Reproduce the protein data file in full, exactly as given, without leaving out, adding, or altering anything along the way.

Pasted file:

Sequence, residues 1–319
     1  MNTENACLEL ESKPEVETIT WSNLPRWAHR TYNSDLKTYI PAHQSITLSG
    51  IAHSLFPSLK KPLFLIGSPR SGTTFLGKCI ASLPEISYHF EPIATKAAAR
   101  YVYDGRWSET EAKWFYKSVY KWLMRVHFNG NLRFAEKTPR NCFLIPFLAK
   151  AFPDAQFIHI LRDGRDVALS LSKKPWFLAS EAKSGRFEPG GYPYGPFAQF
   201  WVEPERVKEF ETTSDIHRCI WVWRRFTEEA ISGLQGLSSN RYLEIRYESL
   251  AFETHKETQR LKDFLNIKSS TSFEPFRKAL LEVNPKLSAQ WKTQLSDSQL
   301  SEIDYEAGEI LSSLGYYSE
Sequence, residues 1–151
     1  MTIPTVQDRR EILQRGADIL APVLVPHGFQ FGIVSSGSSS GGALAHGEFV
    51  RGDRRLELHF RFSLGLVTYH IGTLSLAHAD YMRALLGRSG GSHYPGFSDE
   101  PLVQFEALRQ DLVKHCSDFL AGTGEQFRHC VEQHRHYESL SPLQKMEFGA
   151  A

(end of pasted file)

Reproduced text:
Sequence, residues 1–319
     1  MNTENACLEL ESKPEVETIT WSNLPRWAHR TYNSDLKTYI PAHQSITLSG
    51  IAHSLFPSLK KPLFLIGSPR SGTTFLGKCI ASLPEISYHF EPIATKAAAR
   101  YVYDGRWSET EAKWFYKSVY KWLMRVHFNG NLRFAEKTPR NCFLIPFLAK
   151  AFPDAQFIHI LRDGRDVALS LSKKPWFLAS EAKSGRFEPG GYPYGPFAQF
   201  WVEPERVKEF ETTSDIHRCI WVWRRFTEEA ISGLQGLSSN RYLEIRYESL
   251  AFETHKETQR LKDFLNIKSS TSFEPFRKAL LEVNPKLSAQ WKTQLSDSQL
   301  SEIDYEAGEI LSSLGYYSE
Sequence, residues 1–151
     1  MTIPTVQDRR EILQRGADIL APVLVPHGFQ FGIVSSGSSS GGALAHGEFV
    51  RGDRRLELHF RFSLGLVTYH IGTLSLAHAD YMRALLGRSG GSHYPGFSDE
   101  PLVQFEALRQ DLVKHCSDFL AGTGEQFRHC VEQHRHYESL SPLQKMEFGA
   151  A